So what is the plan for the green wedge? Listed under ‘Supporting policies, strategies and plans’ is the answer: the ‘Green Wedge Management Plan’, a  document prepared by an inexperienced consultant under the previous council, supposedly based on community consultation including the work of a community panel, but which ignored the panel’s recommendations, and which community submissions indicated, in submissions to the draft, that it hated.

The draft plan is big on ‘Key performance indicators’, but there are precisely none about the maintenance and protection of our green wedge. There is no mention of biodiversity decline or conservation, and of course no reference to any proposed activities, such as controlling fill dumping and illegal clearing,  enforcement generally or any intention to address a long running issue in Nillumbik, undersized lots.

As acknowledged in the introductory section to the draft plan, surveys and other community engagement projects reveal that our priorities feature service delivery and green wedge protection at the top of the list, and business support not at all. However, within the theme ‘Sustainable and resilient’, and under the heading ‘Business and tourism’ we find four bullet points to do with supporting businesses and a ‘vibrant local economy’.

Certainly these are pretty standard phrases to be found in many council plans, but given the lack of focus on the green wedge they tell a story of priorities. This is the sort of thing that is trotted out in support of restaurants in the green wedge in Yarrambat. The concept of an ‘economy’ has little meaning at a local government level.

This is some of our thinking. But we encourage you to make submissions about what is important to you. More work on trails? Edendale Farm? Drainage? What are your big ticket items?


Relating to the council plan, and supposedly informing it, is a ‘Community Vision’. It is meant to embrace the next ten years. A draft document was approved for comment at the last Council meeting, which for some reason looks forward 19 years, to 2040! Notably, there is no mention of a ‘vibrant economy’. The extent to which this vision has informed the council plan appears to be limited!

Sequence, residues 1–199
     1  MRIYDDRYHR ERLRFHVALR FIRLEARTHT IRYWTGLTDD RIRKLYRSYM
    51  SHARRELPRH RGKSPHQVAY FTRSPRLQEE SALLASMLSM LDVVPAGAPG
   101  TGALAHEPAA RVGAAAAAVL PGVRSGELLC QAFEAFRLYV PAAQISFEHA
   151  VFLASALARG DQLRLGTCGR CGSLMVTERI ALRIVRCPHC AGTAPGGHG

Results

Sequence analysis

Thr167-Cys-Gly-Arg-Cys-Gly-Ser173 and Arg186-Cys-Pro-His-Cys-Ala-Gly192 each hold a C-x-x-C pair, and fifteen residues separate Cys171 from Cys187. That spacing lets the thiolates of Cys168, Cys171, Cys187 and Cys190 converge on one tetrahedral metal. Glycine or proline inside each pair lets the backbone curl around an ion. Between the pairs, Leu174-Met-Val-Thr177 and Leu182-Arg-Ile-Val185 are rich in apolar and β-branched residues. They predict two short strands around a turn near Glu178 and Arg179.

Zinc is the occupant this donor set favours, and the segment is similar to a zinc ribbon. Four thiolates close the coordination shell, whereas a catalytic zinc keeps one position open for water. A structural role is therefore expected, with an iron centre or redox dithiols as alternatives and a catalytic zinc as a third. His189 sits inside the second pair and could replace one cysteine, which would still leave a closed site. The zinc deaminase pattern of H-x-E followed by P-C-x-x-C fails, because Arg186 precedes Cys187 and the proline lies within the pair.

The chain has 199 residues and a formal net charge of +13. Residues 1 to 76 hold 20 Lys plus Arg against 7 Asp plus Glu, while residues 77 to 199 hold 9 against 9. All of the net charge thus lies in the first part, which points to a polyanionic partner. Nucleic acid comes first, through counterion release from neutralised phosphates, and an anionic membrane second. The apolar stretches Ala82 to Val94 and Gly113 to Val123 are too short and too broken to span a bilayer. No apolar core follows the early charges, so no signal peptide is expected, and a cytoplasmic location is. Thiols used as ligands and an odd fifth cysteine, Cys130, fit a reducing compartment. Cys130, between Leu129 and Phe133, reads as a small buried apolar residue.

While it is perhaps obvious that plans need to be regularly updated, this is not so obvious in relation to ‘vision’. Does the community want a change of ‘vision’ every four years? Consider the following ‘formulation of goals for the Shire’s future’:

  • To conserve and consolidate the Green Wedge
  • To retain the semi-rural/township lifestyle
  • To preserve bio-diversity and ecological viability
  • To retain productive farmlands
  • To limit sub-division and prevent ‘sprawl’, confining future building to 1995 boundaries of existing townships
  • To encourage the development of sustainability
  • To encourage the development of environmentally sensitive/appropriate buildings
  • To encourage diversity of population and lifestyle
  • To retain environmental and cultural heritage

Not bad? This little list appeared in a 1997 document entitled ‘2020 vision: A PREFERRED FUTURE’.

The point here is not that our vision for the Shire has to be set in stone, but that it is like an ongoing conversation. The danger is that in the process of producing a brand new vision every four years the conversation will become shallow, lacking real substance.

Nillumbik has a vibrant, articulate, motivated and involved community whose vision and expectations for their are not met by these drafts.

The draft council plan is on the council website here, and that page also allows you to enter some comments or to upload a submission containing your thoughts. Submissions must be made by August 26.

The draft ‘Community Vision’ is here.

Your thoughts and submissions will influence the outcome! Have your say.